Baa Baa Black Sheep

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A black sheep stands out from the flock. In the English language, black sheep is an idiom used to describe an odd or disreputable member of a group. It seems nearly every family in America has one. The troubled child. A lightning rod of sorts. The center of attention. Always in the hot seat. The squeaky wheel in need of grease. Chances are, if you are the black sheep of the family, then you’ll know about it. Unfortunately for you, you were born as the runt of the litter and your family isn’t exactly pleased with your existence. At the very worst, you’re the stereotypical black sheep – an alcoholic, drug addict, gambler, delinquent, and a constant disappointment to your family.

But not every black sheep is as dramatic as that, and it may just take something little for you to set off your family’s wrath. You may be an atheist in a family of Christians, unemployed, a party animal, have trouble in school. Maybe you got your high school sweetheart pregnant the summer you both graduated. All of these attributes can make you the black sheep, and make your parents wonder where they went wrong. However, being the black sheep of the family doesn’t make you a bad person, it just means that you’re different. You see things differently, have you own opinions, and you’re probably the only one on your side, so it feels like you’re fighting a losing battle.

Perhaps some of this sounds familiar:

  • Your parents were more strict with you than they were with your other siblings.
  • Your mistakes were blown out of proportion and/or punished disproportionately.
  • You always carried the feeling that you “didn’t fit in” with your family, and you didn’t develop strong connections with them.
  • You were mocked, ridiculed and/or made fun of on a constant basis.
  • Your family seemed intent on making you feel “deficient” and as though you were always fundamentally lacking.
  • You developed mental or emotional disorders, and/or substance abuse problems as a result of being scapegoated and overburdened.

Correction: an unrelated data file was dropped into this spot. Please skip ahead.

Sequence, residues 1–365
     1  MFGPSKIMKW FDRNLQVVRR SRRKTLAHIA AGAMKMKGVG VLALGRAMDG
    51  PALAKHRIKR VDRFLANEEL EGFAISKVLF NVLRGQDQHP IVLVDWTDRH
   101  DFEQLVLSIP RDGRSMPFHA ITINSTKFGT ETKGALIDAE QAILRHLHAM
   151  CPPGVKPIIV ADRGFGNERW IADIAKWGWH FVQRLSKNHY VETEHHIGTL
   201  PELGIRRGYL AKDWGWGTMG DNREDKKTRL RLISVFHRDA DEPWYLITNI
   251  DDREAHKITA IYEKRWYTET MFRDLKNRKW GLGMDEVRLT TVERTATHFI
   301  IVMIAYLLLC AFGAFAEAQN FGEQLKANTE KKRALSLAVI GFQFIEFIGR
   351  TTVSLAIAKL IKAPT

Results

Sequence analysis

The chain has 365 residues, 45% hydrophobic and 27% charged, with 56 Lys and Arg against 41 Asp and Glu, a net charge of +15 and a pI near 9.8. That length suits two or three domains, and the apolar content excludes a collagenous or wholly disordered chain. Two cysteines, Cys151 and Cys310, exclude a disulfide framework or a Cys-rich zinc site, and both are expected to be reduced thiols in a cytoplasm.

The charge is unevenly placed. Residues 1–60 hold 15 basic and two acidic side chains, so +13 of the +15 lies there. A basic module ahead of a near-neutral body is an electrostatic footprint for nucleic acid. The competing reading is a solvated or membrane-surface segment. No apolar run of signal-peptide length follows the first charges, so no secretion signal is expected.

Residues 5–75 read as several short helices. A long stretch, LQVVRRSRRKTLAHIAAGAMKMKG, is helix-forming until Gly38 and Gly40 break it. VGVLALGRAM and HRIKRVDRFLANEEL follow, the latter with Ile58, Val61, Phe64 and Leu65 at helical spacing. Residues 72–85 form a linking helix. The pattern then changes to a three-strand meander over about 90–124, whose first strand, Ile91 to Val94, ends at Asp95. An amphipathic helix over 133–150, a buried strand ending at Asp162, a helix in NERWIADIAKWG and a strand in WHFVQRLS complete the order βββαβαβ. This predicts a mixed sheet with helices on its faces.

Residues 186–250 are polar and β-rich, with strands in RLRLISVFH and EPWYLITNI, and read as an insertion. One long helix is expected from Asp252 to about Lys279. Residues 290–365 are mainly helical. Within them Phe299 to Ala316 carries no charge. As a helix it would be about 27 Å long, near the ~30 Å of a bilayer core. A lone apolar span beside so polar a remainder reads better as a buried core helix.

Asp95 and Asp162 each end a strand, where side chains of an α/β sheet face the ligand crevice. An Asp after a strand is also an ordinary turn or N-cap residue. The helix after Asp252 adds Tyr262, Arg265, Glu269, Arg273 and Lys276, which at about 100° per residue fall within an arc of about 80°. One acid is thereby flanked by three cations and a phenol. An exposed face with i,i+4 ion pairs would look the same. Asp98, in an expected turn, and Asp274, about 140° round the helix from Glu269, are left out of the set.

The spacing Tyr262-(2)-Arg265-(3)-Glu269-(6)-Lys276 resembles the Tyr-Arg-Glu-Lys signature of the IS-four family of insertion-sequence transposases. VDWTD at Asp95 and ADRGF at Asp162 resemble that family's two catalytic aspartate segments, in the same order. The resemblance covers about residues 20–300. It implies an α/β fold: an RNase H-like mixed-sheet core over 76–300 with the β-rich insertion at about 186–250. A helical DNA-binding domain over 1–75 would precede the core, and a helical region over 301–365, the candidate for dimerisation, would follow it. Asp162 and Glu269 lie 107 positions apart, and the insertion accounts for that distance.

• Your family didn’t show any interest in who you really were as a person.
  • You were criticized, completely ignored, or or emotionally manipulated if you rebelled in any way.

The role we played as children and young adults in our families contributes immensely to our present sense of self-worth, feelings of social approval, and our psychological and emotional well-being at large. If you’re like me, you may have got stuck in a role that undermined your sense of being a fundamentally “good” and “acceptable” person deep down, something that still affects me to this very day.  You may find yourself identified as the trouble child or the black sheep of your family, and this may cause you a lot of shame and depression in your life. Families often focus on the behavior of one child who seems to struggle with behaving properly. Dysfunctional families tend to avoid their own internal pain, disappointments and struggles by pointing the finger at another family member as the cause for all the problems they experience.

I took a class on marriage and family last semester at Colorado Christian University. The core textbook for the class, The Family: A Christian Perspective on the Contemporary Home (Balswick & Balswick, 2014), indicates that it’s critical for children to develop into their own unique selves within the context of family unity. Family scientists and counselors refer to this as differentiation – the process of maintaining a separate identity while simultaneously remaining connected in relationship, belonging, and unity. Another way to describe this process is interdependency.

Balswick & Balswick believe that family relationships involve four sequential (non-linear) states: covenant, grace, empowerment, and intimacy. Covenant has to do with commitment to family members, and hinges on unconditional love. Grace involves forgiving other family members and being unforgiven by them. Certainly, from a human perspective, the unconditional love of God makes no sense until we look at it through the eyes of grace. Grace is truly a relational word, and means unmerited favor. John Rogerson (1996) takes the understanding of grace as a natural extension of convenant love and applies it to family life. He believes the family unit to be “…structures of grace…social arrangements designed to mitigate hardship and misfortune, and grounded in God’s mercy.”

Family relationships, as designed by God, are meant to be lived out in an atmosphere of grace, not “law.” Family life based on contract leads to an atmosphere of law, and is a discredit to Christianity. Christ came in human form to reconcile the world to God. This act of divine love and forgiveness is the basis for human love and forgiveness. We can forgive others as we have been forgiven. It is the love of God within that makes this possible. Of course, humans are limited and fallen. We can never fulfill the law. Thankfully, we are free from the law because of Christ’s perfection and righteousness, which leads to our salvation. When it comes to family relationships, none of us can expect to measure up. In a family based on law, the members demand perfection of one another.